Review: Food Wars!: Shokugeki no Soma Season 5

This blog is a review of the 5th and final season of Food Wars. This blog will have full spoilers for the entire series, so do not read any further unless you have seen all the episodes of the show.

I discovered Food Wars very recently (only 3 or 4 months ago). I binged through the first 2 seasons on Netflix (with the English dub). Then I discovered that there were 2 more seasons available on Crunchyroll (with English subs) and I binged through those. As I was watching them, I saw a 5th season was slowly being added. I have now seen every episode of the entire series and I’m here to share my thoughts with you.

Let’s start with the series as a whole. Broadly speaking, I absolutely loved this show. It was a total celebration of food. You might not know just from reading this website, but I love to cook. It’s one of my main hobbies. Since I love film and TV as well, it should come as no surprise that I love cooking shows (Top Chef is my favorite show on all of television).

What I love about this series is the attention to detail. It is so thoroughly researched. You can learn real cooking techniques from watching it. For example, I learned that honey can act as a meat tenderizer. I didn’t know this before. When I heard it mentioned in the show, I googled it to see if this was fact or fiction. It’s completely real! This is just one example of the reverence Food Wars shows for cooking.

This is coupled with the most incredible illustrations of food I’ve ever seen. Food in this show looks as good (and sometimes better) than food in real life! It’s astonishing. The attention to detail. The careful drawing of every single grain of rice in a rice dish is a regular occurrence.

How about characters? This show has huge cast of characters. Admittedly, most of them lack depth. But they’re nearly all compelling. I like spending time with them. Soma is a fine protagonist. He’s likable. It’s easy to root for him. It’s easy to admire his ceaseless determination to be the best. Megumi Tadokoro is the real heart of the show (at least in the first couple of seasons). She is absolutely adorable. Her empathy and love toward everyone are her greatest tools in the kitchen. Erina Nakiri is a pretty classic case of a beautiful woman with a frosty exterior, who slowly softens over the course of the series. We grow to love her as she learns to love others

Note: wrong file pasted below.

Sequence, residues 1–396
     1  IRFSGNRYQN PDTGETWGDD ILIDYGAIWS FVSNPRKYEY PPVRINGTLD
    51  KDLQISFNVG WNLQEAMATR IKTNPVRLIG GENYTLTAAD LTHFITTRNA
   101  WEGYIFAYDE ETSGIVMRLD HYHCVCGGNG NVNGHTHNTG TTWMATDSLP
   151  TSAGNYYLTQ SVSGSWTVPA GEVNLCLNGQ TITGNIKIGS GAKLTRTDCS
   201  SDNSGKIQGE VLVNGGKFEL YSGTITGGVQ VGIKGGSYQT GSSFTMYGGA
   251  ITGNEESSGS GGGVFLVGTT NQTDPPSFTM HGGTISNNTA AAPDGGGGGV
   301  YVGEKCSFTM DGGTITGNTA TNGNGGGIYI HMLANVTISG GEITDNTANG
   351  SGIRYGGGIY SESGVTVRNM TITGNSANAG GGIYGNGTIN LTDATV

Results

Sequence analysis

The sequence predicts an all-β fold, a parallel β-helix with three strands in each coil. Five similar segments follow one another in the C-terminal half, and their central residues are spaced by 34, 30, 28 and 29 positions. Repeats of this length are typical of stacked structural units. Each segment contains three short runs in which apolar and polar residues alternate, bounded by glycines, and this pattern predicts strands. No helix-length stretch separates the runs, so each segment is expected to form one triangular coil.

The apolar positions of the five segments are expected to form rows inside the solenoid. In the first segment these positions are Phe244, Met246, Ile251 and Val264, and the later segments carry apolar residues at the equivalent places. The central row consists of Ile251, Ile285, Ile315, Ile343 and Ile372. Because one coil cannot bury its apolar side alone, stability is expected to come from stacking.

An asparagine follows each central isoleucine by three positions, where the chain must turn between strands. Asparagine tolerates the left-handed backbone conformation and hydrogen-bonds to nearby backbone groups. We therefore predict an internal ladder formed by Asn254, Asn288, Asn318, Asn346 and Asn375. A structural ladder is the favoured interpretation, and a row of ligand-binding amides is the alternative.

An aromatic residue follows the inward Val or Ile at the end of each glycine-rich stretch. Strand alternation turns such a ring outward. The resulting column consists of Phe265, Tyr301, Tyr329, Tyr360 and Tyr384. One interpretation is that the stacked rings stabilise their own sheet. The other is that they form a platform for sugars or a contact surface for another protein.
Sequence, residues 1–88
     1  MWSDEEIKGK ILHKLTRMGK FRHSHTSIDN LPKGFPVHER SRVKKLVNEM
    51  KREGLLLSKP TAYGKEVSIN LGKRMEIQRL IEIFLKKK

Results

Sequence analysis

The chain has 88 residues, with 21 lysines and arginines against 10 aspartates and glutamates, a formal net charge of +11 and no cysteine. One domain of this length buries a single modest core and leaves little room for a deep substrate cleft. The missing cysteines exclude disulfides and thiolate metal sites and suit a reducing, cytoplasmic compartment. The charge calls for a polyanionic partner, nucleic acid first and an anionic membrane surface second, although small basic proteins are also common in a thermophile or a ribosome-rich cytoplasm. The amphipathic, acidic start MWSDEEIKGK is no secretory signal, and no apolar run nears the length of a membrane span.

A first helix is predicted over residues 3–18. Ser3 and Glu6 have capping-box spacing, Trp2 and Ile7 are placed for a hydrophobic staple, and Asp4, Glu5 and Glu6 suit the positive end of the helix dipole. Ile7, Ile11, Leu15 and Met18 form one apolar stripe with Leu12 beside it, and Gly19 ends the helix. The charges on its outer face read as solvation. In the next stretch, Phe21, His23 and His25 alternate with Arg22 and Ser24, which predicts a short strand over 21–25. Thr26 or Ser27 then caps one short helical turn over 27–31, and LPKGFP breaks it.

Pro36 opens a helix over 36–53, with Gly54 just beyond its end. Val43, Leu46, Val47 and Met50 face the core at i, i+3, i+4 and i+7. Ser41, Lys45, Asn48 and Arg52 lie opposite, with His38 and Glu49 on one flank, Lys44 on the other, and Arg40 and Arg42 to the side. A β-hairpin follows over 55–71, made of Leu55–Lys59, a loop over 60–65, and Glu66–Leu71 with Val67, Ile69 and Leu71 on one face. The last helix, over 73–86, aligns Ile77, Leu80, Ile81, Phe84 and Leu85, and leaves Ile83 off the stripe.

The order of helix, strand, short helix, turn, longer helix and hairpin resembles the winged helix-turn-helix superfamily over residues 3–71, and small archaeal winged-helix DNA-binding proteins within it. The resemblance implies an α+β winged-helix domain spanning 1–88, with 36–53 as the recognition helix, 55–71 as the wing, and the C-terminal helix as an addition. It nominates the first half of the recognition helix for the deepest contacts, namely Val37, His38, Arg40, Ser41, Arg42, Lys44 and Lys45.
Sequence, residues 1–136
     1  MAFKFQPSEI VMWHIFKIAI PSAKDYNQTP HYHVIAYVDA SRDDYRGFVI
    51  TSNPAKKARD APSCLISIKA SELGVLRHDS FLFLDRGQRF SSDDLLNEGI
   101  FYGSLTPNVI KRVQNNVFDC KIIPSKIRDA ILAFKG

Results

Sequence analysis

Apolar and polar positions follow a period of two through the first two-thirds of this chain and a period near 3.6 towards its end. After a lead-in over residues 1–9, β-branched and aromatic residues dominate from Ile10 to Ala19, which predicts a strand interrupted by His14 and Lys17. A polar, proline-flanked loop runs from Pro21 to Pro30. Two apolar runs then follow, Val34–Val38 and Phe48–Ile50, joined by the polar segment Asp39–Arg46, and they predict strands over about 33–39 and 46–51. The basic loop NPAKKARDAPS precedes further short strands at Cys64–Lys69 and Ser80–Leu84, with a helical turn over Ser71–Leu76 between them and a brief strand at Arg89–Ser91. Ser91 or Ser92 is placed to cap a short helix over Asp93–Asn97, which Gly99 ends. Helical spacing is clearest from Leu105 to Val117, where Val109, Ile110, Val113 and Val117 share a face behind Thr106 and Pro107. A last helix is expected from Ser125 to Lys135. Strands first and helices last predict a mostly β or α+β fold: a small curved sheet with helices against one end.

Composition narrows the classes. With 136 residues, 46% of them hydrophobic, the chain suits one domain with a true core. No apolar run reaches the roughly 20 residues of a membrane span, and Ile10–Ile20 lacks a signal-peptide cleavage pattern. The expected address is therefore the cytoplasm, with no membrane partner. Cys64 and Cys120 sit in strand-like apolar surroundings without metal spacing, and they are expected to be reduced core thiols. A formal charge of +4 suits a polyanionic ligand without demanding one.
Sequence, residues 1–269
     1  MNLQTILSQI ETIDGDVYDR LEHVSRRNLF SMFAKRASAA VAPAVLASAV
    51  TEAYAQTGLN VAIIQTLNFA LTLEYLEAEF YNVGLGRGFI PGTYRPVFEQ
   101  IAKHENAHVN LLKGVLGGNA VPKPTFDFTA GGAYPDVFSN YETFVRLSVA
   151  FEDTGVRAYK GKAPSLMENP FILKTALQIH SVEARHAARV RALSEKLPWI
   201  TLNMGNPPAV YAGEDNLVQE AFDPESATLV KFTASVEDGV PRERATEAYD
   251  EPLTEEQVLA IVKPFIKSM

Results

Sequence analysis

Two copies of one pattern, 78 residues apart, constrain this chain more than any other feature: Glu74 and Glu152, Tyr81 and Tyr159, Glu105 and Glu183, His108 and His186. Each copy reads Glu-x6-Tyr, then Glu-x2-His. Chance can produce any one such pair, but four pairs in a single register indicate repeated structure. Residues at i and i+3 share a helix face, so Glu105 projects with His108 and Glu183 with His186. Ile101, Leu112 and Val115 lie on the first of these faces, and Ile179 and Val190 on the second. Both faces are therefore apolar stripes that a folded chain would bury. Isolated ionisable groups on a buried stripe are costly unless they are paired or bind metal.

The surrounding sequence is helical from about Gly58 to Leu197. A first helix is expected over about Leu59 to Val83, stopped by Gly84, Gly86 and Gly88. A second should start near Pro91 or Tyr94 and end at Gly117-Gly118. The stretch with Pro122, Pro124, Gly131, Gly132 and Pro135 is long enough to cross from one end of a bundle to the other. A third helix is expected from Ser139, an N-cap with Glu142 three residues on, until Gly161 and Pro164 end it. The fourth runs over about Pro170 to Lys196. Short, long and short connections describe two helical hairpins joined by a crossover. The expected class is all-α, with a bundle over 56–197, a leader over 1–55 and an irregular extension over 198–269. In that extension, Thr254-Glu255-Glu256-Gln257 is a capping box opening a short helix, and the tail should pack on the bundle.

I like many of the side characters as well. The Aldini brothers, Isshiki, Ikumi Mito, Ryo, Alice, and Akira are all highlights. Most of them are interesting enough that they could be the protagonists of their own shows.

I think the biggest downside of the show (and this statement will be controversial, I’m sure), is the lewdness. It adds so little to the show. And if you think very long at all about the ages of the characters, it becomes gross pretty quickly. I would prefer that the show had been made without these elements. If it had been, I could recommend this show to viewers of all ages and tastes. However, I can’t do that as it stands. Far be it from me to tell an artist how to make their art, but I think this element of the show artificially limits the audience that it can reach.

Finally, let’s talk about season 5. I have to be honest. This season was a serious step down from the prior seasons. It was almost as if it was written by a totally different team.

The first and most fundamental problem is that the show is no longer about the food. Compared to the prior seasons, hardly any of this season is spent talking about the food, how it’s cooked, what makes it delicious, and why that’s important. The food part of Food Wars took the backseat. I understand why this was done (to focus on wrapping up characters arcs, I think), but it was a mistake.

Directly related thereto was a loss in the dedication to accuracy. This season no longer slavishly represented real cooking techniques. I mean, the girl who cuts meat with a chainsaw? Really? Much worse is the guy who has a backpack with syringes that supposedly draws out blood from meat, seasons it, and then re-injects it. Why is this nonsense? Well, meat doesn’t have blood in it. When an animal is slaughtered, they are bled. If the blood was not removed from the animal prior to butchering, the meat would spoil extremely quickly (no, the red juice in steak isn’t blood, it’s a substance called myoglobin; blood is hemoglobin).

Even worse are the unnecessary stakes for this season. Saiba Asahi is a terrible villain with a stupid goal. Far dumber is Erina’s decision. Saiba confronts her and demands that she marry him if he defeats her at BLUE. She has absolutely no reason to agree to this wager. She gains nothing from agreement. For a character as intelligent and strong-willed to cow to the whims of such a preposterous demand is unbelievable. This plot-line exists only to raise the personal stakes of the BLUE tournament. It makes absolutely no sense.

On the whole, season 5 is very weak. I do, however, like the ending. I appreciate where our characters end up. I like that Soma is able to dedicate himself to growing perpetually as a chef. Erina is able to open her heart to friends and family. It’s pretty great all around.

The only flaw is that Soma really should have ended up with Ikumi Mito (hot take, I know).

What did you think of the final season of Food Wars? Let us know down below!

<span>%d</span> bloggers like this: